We are extending our analysis of fighting behavior to understand how sequences of short-time maneuvers ulti- mately resolve in a dominance decision. Unraveling the factors underlying this decision requires principled approaches to analyzing long-time behavioral dynamics and also the capability to produce a much larger dataset of fighting behavior, to capture the variance in fight outcomes. In anticipation of the need for more efficient data collection, we have constructed a second identical imaging system, and we are using both systems to produce a dataset of ~200 fights.

From inception, our zebrafish project suggested a powerful potential synergy: 3D imaging and tracking of multiple organisms in an aquatic environment could ignite new collaborations that leverage the unique natural environment surrounding OIST. With the Reiter Unit we have begun to realize that potential through a project aimed to elucidate the social behavior of Sepioteuthis lessoniana, a squid found locally in the waters around Okinawa.   We have developed an imaging and tracking system and are exploiting this system to understand group behavior.

Collective Dynamics from Data (Christian Esparza Lopez)

The principled integration of fine-scale degrees of freedom yielding coarse-grained theories that successfully capture large-scale structure is a remarkable achievement in physics and an important example for the quantitative understanding of complex systems, from the ensembles of statistical mechanics to the kinetic theory of fluids. Powerful as they are, such examples require detailed knowledge about the underlying dynamics, symmetries and conservation laws, or a parameterization of the models for tools such as the renormalization group. We seek to emulate this success in situations for which we lack such knowledge, thus opening new systems like collective animal behavior, or the brain, for quantitative  understanding.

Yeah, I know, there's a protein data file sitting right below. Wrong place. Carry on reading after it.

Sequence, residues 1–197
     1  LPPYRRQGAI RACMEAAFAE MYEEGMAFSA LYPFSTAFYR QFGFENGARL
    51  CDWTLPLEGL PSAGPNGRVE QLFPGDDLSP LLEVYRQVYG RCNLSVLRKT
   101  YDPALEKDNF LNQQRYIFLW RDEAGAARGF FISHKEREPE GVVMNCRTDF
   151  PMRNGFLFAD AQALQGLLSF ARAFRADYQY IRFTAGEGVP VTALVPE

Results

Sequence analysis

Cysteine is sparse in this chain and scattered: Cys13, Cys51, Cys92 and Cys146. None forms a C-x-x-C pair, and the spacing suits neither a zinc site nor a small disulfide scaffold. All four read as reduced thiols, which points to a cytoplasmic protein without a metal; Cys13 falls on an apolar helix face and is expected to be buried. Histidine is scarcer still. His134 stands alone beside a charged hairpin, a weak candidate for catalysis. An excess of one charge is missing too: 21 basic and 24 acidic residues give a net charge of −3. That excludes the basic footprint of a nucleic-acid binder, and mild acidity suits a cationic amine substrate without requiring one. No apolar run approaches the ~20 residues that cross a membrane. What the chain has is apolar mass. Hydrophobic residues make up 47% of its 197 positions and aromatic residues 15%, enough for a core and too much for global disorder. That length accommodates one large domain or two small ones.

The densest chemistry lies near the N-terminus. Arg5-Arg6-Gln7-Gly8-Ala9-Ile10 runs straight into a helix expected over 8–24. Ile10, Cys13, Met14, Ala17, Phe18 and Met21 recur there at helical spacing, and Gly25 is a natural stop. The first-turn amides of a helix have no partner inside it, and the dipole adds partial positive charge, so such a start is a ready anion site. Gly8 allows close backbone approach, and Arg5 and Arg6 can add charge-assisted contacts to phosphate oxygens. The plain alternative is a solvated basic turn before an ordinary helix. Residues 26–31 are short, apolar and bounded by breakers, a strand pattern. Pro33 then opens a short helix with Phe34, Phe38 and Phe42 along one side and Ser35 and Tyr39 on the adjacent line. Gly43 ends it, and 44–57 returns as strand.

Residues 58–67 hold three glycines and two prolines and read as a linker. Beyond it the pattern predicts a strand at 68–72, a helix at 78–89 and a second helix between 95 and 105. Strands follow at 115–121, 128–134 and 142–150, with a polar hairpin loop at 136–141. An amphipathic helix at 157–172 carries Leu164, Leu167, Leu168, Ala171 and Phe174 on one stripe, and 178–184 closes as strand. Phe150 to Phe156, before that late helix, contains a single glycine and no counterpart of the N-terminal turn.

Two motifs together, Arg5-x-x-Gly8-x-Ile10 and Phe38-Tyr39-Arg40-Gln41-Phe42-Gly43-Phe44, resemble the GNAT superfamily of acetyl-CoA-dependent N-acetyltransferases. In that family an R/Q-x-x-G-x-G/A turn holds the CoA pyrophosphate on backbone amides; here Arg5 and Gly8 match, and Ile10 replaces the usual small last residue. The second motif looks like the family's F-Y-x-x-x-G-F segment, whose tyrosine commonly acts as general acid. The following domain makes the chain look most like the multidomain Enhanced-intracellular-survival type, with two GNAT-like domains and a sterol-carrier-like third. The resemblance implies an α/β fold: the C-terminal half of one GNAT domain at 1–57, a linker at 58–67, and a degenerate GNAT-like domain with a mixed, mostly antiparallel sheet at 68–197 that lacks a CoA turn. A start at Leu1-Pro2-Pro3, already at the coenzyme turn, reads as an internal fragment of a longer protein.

We recently introduced a framework for the principled extraction of coarse-grained, slow dynamics directly from time series data (Costa et al, 2021).  We are now extending this approach using diffusion maps to uncover the principles of collective behavior directly from data without making a priori assumptions about the functional form of the dynamics.  We have validated our approch in simulated system including Ising and Vicsek models.

3.2 Professional Activiites

  • GJ Stephens, Co-organizer (with O Peleg), Physics of Social Behavior Focus Session, APS March Meeting, Chicago Mar 14-18 (2022)

3.3  PhD Dissertations


4. Publications

4.1 Journals and Preprints

  1. A Carlos Costa, T Ahamed, D Jordan & GJ Stephens, Maximally predictive ensemble dynamics from data (2021); bioRxiv https://doi.org/10.1101/2021.05.26.445816; arXiv:2105.12811

  2. RX Lee, GJ Stephens & B Kuhn, Social relationship as a factor for the development of stress incubation in adult mice, Frontiers in Behavioral Neuroscience 6:854486 (2022);https://doi.org/doi:10.3389/fnbeh.2022.854486; bioRxiv https://doi.org/10.1101/249870

4.2 Books and other one-time publications

Nothing to report

4.3 Oral and Poster Presentations

  1. GJ Stephens, Joint Condensed Matter and Biophysics Seminar, Washington University, St Louis US (March 2022)

  2. L O'Shaugnessy, T Izawa, JW Shaevitz & GJ Stephens, APS March Meeting, Chicago US (March 2022)

  3. A Kawano & GJ Stephens, APS March Meeting, Chicago US (March 2022)

  4. J Loveless & GJ Stephens, APS March Meeting, Chicago US (March 2022)

  5. GJ Stephens, APS March Meeting Focus Session on Animal Behavior, Chicago US (March 2022)

  6. GJ Stephens, Models of Biosystems Meeting, Online (March 2022)

  7. GJ Stephens, AMOLF Autonomous Matter Seminar, Online (Feb 2022)

  8. L O’Shaughnessy, T Izawa, I Masai, JW Shaevitz & GJ Stephens, 20th Human Frontier Science Program Awardees Meeting, Online (July 2021)

  9. GJ Stephens, Aspen Center for Physics Public Lecture, Aspen US (June 2021)

  10. GJ Stephens, BetaBreak, Amsterdam NL (June 2021)

  11. GJ Stephens, Amsterdam IAS Workshop on High-order interactions: mixing and matching topological and information theory approaches, Online, (April 2021)

6. Meetings and Events

Travels, Meeting

  • GJ Stephens, Washington University, St Louis US (March 2022)
  • GJ Stephens, APS March Meeting, Chicago US (March 2022)
  • J Loveless & I Korshok, University of Tokyo, JP (March 2022)
  • GJ Stephens, University of Cologne, Cologne DE (November 2021)
  • GJ Stephens, Aspen Center for Physics, Aspen US  (June 2021)

7. Other

Nothing to report.